• I use the estimate that the future cost of a Big Dish will be $(A2010)240,000. This is to take the prediction made in 2000 that costs estimated at that point in time will fall by 2/3.
  • Despite their capacity to store heat solar thermal systems suffer a significant intermittency problem, though far less than for wind or PV. There can be several days in a row in winter when an entire continent is under cloudy and calm conditions, so if the solar thermal sector was to continue to carry its load through such periods its storage capacity would have to be maybe 13 times that being built into systems now. That much storage would cost more than the collection plant.
  • If we assume that global energy demand in 2050 will be 1100 EJ, solar thermal systems will provide 3/4 of it (66 EJ/month in winter), a Big Dish in winter delivers at distance 20.7 GJ/month (i.e., 25 W/m2), then we would need 3.188 billion of them. At the above unit cost the total capital expenditure would be $756 trillion, and therefore the annual cost would be $30 trillion. This would be 17% of world GDP assuming it grows at 3% p.a. from now to 2050. At present only about .7% of world GDP goes into total energy investment. In other words it would seem that we could not possibly afford the cost, especially when the cost of a lot of extra storage, and the capital cost of the other 25% of demand are added.

The basic Simpler Way claim is that consumer-capitalist society cannot be saved. It is already consuming resources and causing environmental damage at rates that are far beyond sustainable, or reversible by plausible technical advance. Yet this society is committed to constantly and limitlessly increasing production, consumption, and GDP; i.e., economic growth is the supreme goal.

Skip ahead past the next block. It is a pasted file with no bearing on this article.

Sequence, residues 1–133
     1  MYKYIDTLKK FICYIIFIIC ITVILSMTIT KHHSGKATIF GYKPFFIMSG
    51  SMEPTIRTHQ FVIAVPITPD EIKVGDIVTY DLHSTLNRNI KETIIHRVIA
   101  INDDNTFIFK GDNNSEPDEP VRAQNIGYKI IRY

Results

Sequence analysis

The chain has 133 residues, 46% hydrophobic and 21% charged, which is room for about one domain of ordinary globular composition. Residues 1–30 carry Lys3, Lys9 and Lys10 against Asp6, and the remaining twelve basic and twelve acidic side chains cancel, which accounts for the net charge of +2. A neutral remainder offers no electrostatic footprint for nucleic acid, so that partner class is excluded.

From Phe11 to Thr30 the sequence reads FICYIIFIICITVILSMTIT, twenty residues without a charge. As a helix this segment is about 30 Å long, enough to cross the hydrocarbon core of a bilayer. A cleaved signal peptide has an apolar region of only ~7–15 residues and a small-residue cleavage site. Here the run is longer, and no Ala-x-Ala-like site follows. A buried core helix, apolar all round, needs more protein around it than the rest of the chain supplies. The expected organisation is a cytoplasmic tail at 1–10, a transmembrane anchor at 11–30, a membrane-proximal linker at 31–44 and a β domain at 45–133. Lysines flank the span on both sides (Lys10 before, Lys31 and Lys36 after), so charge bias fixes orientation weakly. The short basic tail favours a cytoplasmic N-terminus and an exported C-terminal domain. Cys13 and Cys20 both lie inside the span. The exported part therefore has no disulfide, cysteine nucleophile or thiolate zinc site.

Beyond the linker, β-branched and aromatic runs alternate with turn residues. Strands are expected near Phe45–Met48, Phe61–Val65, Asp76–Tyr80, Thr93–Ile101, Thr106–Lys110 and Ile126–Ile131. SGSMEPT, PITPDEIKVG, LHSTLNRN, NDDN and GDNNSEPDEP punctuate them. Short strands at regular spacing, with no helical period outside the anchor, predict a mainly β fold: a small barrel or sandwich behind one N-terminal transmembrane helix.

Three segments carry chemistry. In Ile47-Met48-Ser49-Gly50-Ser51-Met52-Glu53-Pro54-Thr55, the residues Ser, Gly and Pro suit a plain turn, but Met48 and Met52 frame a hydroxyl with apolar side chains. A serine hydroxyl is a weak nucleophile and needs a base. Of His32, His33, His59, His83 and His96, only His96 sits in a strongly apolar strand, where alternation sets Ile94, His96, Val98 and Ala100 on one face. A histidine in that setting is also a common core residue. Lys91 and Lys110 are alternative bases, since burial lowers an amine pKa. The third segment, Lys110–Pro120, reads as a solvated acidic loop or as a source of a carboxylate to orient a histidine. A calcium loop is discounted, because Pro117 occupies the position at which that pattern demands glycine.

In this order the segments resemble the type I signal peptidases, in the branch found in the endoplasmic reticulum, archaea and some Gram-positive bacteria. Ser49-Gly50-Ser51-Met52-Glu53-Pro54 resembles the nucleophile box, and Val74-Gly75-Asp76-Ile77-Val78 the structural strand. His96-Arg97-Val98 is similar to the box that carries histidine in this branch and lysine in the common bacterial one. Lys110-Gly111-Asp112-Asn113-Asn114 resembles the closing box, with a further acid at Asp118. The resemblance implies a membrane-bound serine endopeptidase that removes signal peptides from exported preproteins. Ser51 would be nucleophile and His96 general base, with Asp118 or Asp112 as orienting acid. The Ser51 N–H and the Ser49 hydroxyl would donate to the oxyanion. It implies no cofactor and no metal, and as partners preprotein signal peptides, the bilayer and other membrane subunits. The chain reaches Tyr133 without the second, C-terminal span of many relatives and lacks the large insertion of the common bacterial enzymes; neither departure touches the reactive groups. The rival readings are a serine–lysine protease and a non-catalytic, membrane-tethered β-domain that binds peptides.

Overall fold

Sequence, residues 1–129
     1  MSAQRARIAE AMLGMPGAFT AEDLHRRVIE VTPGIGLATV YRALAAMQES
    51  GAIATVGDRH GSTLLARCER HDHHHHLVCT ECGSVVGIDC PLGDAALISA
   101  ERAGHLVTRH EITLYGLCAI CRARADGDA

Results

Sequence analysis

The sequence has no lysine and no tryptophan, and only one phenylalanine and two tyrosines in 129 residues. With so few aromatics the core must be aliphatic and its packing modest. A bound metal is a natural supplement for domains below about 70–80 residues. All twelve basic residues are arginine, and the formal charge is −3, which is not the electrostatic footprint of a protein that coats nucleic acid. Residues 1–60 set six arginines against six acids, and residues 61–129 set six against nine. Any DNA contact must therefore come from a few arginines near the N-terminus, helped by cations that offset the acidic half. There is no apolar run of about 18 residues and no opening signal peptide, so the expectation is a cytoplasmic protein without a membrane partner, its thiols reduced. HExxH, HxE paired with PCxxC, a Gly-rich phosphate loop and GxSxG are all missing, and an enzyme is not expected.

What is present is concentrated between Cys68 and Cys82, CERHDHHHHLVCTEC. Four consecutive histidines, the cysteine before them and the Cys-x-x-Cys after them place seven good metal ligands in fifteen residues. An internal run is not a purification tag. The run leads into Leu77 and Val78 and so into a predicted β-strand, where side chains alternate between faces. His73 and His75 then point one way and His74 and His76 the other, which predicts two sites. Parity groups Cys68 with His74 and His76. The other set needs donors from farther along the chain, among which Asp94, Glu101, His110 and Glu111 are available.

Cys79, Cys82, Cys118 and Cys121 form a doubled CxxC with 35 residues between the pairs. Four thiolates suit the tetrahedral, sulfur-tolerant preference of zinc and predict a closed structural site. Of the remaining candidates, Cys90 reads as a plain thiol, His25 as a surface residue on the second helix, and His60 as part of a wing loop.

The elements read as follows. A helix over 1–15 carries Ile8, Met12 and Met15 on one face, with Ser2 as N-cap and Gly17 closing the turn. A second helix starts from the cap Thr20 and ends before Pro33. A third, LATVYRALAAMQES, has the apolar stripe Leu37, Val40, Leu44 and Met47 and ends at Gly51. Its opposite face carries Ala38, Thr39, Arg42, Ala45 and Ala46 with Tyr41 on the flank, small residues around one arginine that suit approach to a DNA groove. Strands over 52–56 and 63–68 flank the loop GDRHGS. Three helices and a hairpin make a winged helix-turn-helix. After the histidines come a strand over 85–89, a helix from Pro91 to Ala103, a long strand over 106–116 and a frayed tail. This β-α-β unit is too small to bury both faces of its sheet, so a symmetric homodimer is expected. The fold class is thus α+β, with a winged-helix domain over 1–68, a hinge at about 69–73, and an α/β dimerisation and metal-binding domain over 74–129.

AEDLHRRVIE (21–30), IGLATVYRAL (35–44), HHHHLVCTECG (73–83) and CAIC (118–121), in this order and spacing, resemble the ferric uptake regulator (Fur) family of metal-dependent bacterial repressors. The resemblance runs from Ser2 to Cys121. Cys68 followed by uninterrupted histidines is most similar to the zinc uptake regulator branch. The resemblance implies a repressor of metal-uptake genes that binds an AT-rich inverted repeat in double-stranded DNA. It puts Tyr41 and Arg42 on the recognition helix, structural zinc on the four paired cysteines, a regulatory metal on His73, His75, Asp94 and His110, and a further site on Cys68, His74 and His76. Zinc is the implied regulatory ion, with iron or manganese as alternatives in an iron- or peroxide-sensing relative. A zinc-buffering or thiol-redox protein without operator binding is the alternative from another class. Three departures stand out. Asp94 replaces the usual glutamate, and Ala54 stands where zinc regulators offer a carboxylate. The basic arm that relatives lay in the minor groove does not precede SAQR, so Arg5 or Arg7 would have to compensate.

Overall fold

The alarming and probably fatal global problems we are encountering are generated by the quest for greater affluence and GDP and can only be solved by moving to systems, ways and values which do not create these problems. The Simpler Way project is intended to show that there are alternative ways that could easily defuse the problems, and cut resource and environmental impacts to very small proportions while greatly improving the average quality of life even in the richest countries. However these ways involve shifting to zero-growth economies with much lower GDP per capita than we have now and not driven by profit or market forces, mostly small and highly self-sufficient local economies run by participatory democratic systems. Above all, these alternative ways cannot work unless there is immense cultural transition away from preoccupation with competitive, individualistic acquisitiveness. That the prospects for such a transition are miniscule need not be pointed out, but it must be the goal to be worked for since no other option can enable a sustainable future. The case is detailed in Trainer 2010, and at the website given above.

Trainer, T., (2010), The Transition to a Sustainable and Just World, Sydney, Envirobook, 320 pp.

Editorial Notes: Ted Trainer is a professor in the School of Social Work, University of New South Wales. His main interests have been global problems, sustainability issues, radical critiques of the economy, alternative social forms and the transition to them. He has written numerous books and articles on these topics, including, The Conserver Society: Alternatives for Sustainability, Saving the Environment: What It Will Take, and What Should We Do?. He has been working on the problems of energy and sustainability for many years. For online versions of his documents, see -BA